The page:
The monitoring of somatosensory evoked potentials and neurologic complications in aneurysm surgery
Kyeong Tae Min ; Jong Hoon Kim ; Yong Taek Nam ; So Young Kwon ; Yong Sam Shin
Yonsei Medical Journal, Vol.42(2) : 227~232, 2001
Yonsei Medical Journal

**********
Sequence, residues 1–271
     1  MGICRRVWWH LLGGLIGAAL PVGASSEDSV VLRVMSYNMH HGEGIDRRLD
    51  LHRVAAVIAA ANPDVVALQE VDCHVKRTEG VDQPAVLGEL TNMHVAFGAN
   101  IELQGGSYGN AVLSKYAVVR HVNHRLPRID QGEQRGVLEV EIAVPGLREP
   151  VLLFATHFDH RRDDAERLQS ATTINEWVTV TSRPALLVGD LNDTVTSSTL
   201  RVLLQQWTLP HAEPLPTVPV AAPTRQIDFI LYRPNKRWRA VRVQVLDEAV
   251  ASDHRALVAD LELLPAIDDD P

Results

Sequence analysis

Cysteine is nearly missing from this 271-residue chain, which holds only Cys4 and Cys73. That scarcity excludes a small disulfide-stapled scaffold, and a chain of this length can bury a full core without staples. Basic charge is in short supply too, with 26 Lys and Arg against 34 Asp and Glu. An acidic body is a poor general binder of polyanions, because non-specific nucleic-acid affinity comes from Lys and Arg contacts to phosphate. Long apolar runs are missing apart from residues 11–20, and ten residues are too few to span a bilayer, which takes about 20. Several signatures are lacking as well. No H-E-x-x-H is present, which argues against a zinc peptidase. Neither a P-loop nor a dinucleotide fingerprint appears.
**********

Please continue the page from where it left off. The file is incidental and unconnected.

Somatosensory evoked potential (SSEP) changes during cerebral aneurysm surgery and their relationship to postoperative neurologic complications have been studied on many occasions. However, it is still a matter of debate whether SSEP monitoring is really helpful in detecting or preventing neurologic complications. We studied 87 patients undergoing aneurysm surgery of the anterior cerebral circulation and SSEPs were monitored in 60 of these patients. All patients were grade 2 by the subarachnoid hemorrhage (SAH) grading system. Median nerve SSEP was monitored for middle cerebral or internal carotid artery aneurysms and posterior tibial nerve SSEP for anterior cerebral artery aneurysms. A decrease in the cortical amplitude of more than 50%, compared with control, was considered significant and interventions were then taken to reverse the SSEP. The pre- and postoperative neurologic deficits of each patient were evaluated immediately before and after surgery. No significant difference was found in the incidence of postoperative neurologic complications in the SSEP monitored (15% [9/60]) and unmonitored patients (22% [6/27]). In the SSEP monitored patients, the amplitudes of SSEPs decreased significantly in 14 patients and 4 of these showed neurologic complications. However, SSEP amplitudes were not significantly changed in 46 patients, and 5 of these showed neurologic complications. Significant changes in the amplitude of SSEP might represent neuronal injury, but the absence of change in the SSEP cannot guarantee patient safety. Our results suggest that SSEP monitoring may be useful for detecting the danger of neuronal injury, but that it does not reduce the incidence of neurologic complications in aneurysm surgery.